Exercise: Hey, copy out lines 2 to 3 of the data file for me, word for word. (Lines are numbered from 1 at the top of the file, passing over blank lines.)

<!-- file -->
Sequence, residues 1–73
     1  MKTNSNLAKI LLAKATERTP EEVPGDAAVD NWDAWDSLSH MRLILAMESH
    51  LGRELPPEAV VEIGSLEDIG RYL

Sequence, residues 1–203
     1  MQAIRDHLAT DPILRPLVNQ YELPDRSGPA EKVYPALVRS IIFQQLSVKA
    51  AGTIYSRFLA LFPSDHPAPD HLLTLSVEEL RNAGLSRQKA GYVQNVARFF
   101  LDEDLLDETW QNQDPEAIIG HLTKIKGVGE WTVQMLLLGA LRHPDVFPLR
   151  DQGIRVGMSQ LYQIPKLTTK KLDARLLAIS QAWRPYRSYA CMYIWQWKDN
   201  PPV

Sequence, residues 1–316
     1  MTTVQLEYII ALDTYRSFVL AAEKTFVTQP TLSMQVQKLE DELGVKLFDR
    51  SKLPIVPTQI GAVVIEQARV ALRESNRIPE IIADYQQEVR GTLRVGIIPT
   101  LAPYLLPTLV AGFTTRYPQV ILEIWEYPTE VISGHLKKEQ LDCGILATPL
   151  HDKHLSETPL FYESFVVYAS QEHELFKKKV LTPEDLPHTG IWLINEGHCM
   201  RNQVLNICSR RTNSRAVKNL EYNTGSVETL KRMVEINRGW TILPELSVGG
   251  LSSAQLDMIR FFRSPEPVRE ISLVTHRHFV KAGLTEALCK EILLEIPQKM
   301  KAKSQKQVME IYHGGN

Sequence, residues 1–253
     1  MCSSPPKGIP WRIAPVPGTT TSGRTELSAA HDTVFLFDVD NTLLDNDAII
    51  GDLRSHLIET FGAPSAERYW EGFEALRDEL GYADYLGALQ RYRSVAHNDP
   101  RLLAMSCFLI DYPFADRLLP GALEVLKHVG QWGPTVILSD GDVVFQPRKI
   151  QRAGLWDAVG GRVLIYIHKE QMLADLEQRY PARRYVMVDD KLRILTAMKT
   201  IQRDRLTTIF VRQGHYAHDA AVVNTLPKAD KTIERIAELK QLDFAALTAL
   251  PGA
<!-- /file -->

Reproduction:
     1  MKTNSNLAKI LLAKATERTP EEVPGDAAVD NWDAWDSLSH MRLILAMESH
    51  LGRELPPEAV VEIGSLEDIG RYL